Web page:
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I have a function that accepts an array and returns a number.

I want to run this function on 10 different input arrays, and then return the sum of all results.
What is the best way to tell Python to run these 10 calculations in parallel on a computer with 4 cores?

In the documentation there are many different ways for concurrent execution, and also many different packages for parallel processing. With so many different methods, which of these should I use for the task above?

EDIT:
the function is a Machine-Learning function:
it partitions the input array to two parts - a "train" and a "test" part of the DataSET. It trains a certain classifier on the "train" part, and returns a prediction accuracy of such a trained classifier on the "test" part.

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  • What's wrong with multiprocessing? It's even in the stdlib. Commented Oct 25, 2017 at 11:41
  • @IgnacioVazquez-Abrams that was indeed the first library that I found, but then I saw so many other options, like threading, concurrent and subprocess in the stdlib, as well as many third-party options that I became confused... what is the best tool for the task? Commented Oct 25, 2017 at 13:43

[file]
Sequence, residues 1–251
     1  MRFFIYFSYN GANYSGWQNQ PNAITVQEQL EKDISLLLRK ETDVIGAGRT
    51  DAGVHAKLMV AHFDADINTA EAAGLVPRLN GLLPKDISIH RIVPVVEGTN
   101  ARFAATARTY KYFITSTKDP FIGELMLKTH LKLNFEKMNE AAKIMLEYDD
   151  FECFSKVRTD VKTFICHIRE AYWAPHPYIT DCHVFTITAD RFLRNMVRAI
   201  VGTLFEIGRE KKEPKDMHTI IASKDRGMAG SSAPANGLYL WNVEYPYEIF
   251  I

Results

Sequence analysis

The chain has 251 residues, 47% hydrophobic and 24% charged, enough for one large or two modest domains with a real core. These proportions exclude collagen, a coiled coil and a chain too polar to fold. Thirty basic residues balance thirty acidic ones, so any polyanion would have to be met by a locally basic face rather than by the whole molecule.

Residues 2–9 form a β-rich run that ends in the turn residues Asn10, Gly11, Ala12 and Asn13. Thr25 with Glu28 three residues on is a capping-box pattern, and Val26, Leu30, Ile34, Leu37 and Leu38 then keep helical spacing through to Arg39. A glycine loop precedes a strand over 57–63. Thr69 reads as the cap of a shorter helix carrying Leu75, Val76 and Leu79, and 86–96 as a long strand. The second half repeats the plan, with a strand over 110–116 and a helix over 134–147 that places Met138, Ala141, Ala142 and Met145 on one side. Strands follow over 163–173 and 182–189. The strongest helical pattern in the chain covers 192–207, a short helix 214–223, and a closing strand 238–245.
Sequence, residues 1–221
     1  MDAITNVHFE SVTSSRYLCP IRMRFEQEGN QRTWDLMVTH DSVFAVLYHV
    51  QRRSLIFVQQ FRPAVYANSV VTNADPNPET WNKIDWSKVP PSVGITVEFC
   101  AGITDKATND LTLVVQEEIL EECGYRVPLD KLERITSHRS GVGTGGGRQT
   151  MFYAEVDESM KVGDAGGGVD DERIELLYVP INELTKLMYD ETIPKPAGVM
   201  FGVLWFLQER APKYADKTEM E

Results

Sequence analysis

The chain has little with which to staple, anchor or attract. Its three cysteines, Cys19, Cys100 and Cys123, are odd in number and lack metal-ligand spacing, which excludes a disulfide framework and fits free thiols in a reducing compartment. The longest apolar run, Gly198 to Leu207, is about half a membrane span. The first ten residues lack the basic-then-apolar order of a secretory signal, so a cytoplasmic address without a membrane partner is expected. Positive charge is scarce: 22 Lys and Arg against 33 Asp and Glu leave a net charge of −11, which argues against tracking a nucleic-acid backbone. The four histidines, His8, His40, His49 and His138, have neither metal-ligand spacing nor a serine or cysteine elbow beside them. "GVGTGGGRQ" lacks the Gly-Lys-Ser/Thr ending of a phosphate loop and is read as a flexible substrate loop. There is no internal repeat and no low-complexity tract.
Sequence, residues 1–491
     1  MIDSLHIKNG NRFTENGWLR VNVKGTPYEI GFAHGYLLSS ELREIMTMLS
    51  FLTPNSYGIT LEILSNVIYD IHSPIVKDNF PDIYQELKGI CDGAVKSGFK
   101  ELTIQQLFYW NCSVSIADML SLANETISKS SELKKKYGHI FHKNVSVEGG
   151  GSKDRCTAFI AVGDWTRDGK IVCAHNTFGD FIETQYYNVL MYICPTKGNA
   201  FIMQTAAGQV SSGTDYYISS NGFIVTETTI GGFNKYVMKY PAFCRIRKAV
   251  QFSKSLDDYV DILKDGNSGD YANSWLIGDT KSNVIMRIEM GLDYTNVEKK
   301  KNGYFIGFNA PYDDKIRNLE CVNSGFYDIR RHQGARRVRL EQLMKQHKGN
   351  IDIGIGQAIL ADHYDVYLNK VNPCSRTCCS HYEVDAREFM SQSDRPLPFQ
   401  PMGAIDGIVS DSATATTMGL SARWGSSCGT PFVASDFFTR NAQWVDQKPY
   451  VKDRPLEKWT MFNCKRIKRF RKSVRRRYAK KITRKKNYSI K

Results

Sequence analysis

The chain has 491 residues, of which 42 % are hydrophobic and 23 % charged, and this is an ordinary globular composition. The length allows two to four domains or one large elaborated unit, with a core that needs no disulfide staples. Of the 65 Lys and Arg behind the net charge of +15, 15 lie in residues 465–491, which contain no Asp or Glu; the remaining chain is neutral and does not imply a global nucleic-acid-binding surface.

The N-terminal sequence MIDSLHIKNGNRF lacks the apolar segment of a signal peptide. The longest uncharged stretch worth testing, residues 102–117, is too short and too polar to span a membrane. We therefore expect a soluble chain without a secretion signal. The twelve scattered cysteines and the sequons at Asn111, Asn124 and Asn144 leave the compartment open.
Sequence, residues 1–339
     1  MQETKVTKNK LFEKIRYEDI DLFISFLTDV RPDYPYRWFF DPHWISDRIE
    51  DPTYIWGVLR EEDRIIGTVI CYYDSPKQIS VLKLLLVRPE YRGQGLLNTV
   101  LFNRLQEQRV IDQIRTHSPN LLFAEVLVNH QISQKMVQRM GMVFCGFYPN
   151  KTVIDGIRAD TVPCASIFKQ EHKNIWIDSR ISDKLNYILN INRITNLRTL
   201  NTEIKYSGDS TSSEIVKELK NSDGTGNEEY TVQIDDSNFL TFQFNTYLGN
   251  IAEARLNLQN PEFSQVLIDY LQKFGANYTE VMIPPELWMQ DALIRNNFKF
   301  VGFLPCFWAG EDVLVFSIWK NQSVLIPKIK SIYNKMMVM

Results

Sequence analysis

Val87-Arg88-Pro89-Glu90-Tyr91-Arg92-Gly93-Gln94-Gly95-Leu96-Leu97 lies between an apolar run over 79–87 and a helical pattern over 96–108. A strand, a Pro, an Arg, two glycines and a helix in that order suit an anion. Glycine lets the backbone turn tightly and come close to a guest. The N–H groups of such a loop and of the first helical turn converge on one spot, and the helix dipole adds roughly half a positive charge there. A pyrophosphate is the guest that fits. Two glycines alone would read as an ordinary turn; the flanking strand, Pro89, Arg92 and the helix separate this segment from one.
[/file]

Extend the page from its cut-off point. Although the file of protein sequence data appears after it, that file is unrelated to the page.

• Depending on the function (not given...) you might vectorize it within numpy first (can be much more powerful compared to 4 cores multiprocessing). And yeah, the best tool for the task surely depends on the function!
    – sascha
    Commented Oct 25, 2017 at 13:50
  • @sascha I added an explanation about what my function does. What do you mean by "vectorize it within numpy"? Commented Oct 25, 2017 at 14:25
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    @IgnacioVazquez-Abrams What's wrong with multiprocessing? Well, sir, with all due respect, it does not work in this question on Machine Learning pipelines' context. Why? First, because it has been already used inside the scikit tools ( and heavily harnessed if n_jobs = -1, so if one would try to add additional processes, the resulting performance will drop significantly -- if from nothing else, then from introduced cache-line devastations .. LRU states are not reinstated on context switch ). Next multiprocessing replicates all python state / DataSETs and will not fit RAM Commented Oct 25, 2017 at 17:32